But The Feelies needn't have worried -- one play confirms Here Before is excellent, an album that finds the band seemingly picking up where it left off and sounding as committed and invigorating as ever, reveling in the beauty and power of rhythm guitars and cracking percussion. Here Before features the complete Feelies Mk. 2 lineup that recorded The Good Earth, Only Life, and Time for a Witness -- guitarists Glenn Mercer and Bill Million, bassist Brenda Sauter, drummer Stanley Demeski, and percussionist Dave Weckerman -- and stylistically, it hits a middle ground between the gentler, more pastoral tone of The Good Earth and the more potent, electric feel of the two albums that followed.

The Feelies have reunited sporadically over the last two decades to play concerts at their early home at Maxwell's.[11] The band most recently performed there for three consecutive nights on July 4-6, 2013.

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Even the cover is a winner, with a washed-out look that screams new wave via horn-rimmed glasses, even more so than contemporaneous pictures of either Elvis Costello or the Embarrassment. But if it was all look and no brain, Crazy Rhythms would long ago have been dismissed as an early-'80s relic. That's exactly what this album is not, right from the soft, haunting hints of percussion that preface the suddenly energetic jump of the appropriately titled "The Boy With the Perpetual Nervousness." From there the band delivers seven more originals plus a striking cover of the Beatles' "Everybody's Got Something to Hide" that rips along even more quickly than the original. The guitar team of Mercer and Million smokes throughout, whether it's soft, rhythmic chiming with a mysterious, distanced air or blasting, angular solos. But Fier is the band's secret weapon, able to play straight-up beats but aiming at a rumbling, strange punch that updates Velvet Underground/Krautrock trance into giddier realms. Mercer's obvious Lou Reed vocal inflections make the VU roots even clearer, but even at this stage of the game there's something fresh about the work the quartet does, even 20 years on -- a good blend of past and present, rave-up and reflection. When the group's later label, A&M, finally got around to reissuing the album for the first time stateside, a curious bonus was included: a version of the Rolling Stones' "Paint It, Black," recorded by the later lineup of the band in 1990. Mercer's voice is noticeably different from his decade-old self, but it's an enthusiastic rendition not too far out of place. Here's the 09 remaster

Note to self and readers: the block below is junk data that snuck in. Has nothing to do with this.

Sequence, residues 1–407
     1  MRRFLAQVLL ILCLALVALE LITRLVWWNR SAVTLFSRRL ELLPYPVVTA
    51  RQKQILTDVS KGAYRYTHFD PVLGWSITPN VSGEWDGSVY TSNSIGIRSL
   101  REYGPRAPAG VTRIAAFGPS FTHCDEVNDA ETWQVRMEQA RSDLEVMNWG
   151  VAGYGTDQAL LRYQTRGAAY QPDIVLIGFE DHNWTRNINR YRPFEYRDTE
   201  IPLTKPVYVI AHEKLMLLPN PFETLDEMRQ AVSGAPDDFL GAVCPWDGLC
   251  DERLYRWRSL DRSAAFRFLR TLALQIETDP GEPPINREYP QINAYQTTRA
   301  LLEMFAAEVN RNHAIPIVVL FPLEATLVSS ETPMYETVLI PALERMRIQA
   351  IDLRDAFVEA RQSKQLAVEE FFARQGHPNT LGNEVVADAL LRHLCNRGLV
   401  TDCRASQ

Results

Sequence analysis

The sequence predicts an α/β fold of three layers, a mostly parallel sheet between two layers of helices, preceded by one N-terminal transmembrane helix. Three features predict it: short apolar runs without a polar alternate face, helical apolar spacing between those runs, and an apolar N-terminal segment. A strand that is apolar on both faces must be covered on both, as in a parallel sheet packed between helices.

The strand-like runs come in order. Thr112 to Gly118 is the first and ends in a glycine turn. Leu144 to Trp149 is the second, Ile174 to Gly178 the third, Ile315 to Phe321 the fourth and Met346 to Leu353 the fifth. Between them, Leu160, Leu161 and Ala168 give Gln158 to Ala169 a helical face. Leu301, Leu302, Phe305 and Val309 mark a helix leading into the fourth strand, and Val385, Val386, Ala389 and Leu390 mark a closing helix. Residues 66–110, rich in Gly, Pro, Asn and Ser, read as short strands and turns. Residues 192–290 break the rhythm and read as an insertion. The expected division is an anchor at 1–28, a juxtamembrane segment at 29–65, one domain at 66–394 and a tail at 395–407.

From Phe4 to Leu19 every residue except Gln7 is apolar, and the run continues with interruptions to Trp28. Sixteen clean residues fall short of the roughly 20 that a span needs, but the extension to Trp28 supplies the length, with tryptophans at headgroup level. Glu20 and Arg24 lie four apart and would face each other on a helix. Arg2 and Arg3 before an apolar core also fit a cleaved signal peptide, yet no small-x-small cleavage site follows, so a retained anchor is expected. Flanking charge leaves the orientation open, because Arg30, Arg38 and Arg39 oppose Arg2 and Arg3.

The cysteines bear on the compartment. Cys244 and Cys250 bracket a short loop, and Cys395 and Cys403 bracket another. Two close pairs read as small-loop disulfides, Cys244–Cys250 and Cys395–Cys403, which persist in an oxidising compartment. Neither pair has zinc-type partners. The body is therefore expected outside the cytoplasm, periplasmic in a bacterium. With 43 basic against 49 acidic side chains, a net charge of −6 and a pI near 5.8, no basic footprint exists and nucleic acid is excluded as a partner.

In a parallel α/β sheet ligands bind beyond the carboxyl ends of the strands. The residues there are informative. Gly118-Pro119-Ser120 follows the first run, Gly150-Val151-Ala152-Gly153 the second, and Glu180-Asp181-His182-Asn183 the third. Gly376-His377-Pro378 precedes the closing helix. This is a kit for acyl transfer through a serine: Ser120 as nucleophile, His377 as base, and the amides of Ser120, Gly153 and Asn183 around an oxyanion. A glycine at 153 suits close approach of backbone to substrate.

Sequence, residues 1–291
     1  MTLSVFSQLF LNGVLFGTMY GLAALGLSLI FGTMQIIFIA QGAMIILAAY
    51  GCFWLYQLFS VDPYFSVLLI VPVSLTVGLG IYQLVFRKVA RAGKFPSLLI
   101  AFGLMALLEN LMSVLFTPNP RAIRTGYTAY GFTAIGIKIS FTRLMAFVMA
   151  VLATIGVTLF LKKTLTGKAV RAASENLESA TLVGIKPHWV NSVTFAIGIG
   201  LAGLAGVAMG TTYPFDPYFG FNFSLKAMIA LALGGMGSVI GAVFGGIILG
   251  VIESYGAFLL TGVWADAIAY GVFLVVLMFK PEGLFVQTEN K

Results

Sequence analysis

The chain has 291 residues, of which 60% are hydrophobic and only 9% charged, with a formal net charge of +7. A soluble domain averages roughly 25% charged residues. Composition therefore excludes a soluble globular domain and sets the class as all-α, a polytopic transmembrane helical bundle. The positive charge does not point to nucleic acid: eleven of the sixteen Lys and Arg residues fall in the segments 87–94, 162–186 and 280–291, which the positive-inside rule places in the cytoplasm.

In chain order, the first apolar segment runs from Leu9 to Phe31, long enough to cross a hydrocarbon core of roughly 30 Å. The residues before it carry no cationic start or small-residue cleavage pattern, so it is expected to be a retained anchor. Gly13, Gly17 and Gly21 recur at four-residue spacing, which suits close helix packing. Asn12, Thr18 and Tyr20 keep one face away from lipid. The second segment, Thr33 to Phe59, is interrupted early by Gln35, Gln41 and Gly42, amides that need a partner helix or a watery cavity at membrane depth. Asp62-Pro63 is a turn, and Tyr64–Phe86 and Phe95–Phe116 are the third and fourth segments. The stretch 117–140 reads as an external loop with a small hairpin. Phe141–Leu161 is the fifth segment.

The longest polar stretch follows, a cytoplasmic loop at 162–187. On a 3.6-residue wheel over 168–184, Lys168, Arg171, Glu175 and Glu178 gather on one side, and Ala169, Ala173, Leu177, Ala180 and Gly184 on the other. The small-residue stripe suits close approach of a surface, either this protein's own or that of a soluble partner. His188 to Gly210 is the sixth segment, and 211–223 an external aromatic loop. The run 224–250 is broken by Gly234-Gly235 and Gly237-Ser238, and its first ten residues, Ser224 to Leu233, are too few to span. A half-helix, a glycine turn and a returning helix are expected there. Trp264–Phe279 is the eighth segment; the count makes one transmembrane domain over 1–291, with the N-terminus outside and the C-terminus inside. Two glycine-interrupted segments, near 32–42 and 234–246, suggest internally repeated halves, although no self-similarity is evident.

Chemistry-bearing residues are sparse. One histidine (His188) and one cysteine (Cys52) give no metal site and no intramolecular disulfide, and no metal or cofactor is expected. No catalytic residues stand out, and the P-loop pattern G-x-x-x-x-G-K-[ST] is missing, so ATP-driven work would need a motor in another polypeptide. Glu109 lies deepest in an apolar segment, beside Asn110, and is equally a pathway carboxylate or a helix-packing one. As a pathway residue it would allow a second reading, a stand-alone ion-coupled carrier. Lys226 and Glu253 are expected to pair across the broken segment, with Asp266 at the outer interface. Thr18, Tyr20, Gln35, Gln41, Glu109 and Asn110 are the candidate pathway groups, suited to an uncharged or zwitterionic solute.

The Feelies - Crazy Rhythms  (flac 249mb)

01 The Boy With The Perpetual Nervousness 5:14
02 Fa Cé-La 2:05
03 Loveless Love 5:07
04 Forces At Work 7:07
05 Original Love 2:57
06 Everybody's Got Something To Hide (Except For Me And My Monkey) 4:08
07 Moscow Nights 4:26
08 Raised Eyebrows 3:01
09 Crazy Rhythms 6:12

The Feelies - Crazy Rhythms (ogg 107mb)

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After the various side projects and explorations the band got up to for most of the early '80s, not to mention switching some members around (with bassist Sauter and drummer Demeski now forming the rhythm section), the Feelies made a fine return with The Good Earth. With co-production from noted fan Peter Buck, the group exchanged some of the understated tense frazzle of Crazy Rhythms for a gentler propulsion without losing its trancy edge. Compared to the wispy jangle rock that passed for much of college radio at the time, the Feelies proposed a different path with the songs' steady pace and murkier feeling. Demeski's a more than fine replacement for Fier (his martial playing on "Tomorrow Today" is one of his many entertaining touches), Sauter's playing emphasizes controlled understatement, and the Million/Mercer guitar duo still nails it. The brisker jauntiness of songs like "The Last Roundup," which wears just enough of a country & western edge without seeming like a parody or half-assed, varies the calmer moods elsewhere very well. At the album's considerable best, such as the brief but really lovely acoustic/electric blend of "When Company Comes" or the title track, with an almost epic ending, Million and Mercer sound like they inhabit the same body playing two guitars, everything's that much in lovely sync. Their vocals ride low in the mix this time out, but thankfully the sometimes all-too-obvious hints of Lou Reed in Mercer's style have been replaced with a more unique, stronger edge -- not that the connection still isn't there on a track like the building groove of "Slipping (Into Something)." Reed would also love its concluding guitar solo!